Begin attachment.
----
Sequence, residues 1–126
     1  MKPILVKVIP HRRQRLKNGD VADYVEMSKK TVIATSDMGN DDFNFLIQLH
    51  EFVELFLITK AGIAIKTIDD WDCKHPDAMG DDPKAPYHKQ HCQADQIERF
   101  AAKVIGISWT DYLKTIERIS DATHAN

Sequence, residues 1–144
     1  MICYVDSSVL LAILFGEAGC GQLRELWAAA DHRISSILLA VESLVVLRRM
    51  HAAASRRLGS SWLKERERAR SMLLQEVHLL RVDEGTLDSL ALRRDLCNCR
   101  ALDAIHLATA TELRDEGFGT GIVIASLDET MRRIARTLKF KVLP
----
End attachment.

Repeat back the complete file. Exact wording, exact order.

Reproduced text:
Sequence, residues 1–126
     1  MKPILVKVIP HRRQRLKNGD VADYVEMSKK TVIATSDMGN DDFNFLIQLH
    51  EFVELFLITK AGIAIKTIDD WDCKHPDAMG DDPKAPYHKQ HCQADQIERF
   101  AAKVIGISWT DYLKTIERIS DATHAN

Sequence, residues 1–144
     1  MICYVDSSVL LAILFGEAGC GQLRELWAAA DHRISSILLA VESLVVLRRM
    51  HAAASRRLGS SWLKERERAR SMLLQEVHLL RVDEGTLDSL ALRRDLCNCR
   101  ALDAIHLATA TELRDEGFGT GIVIASLDET MRRIARTLKF KVLP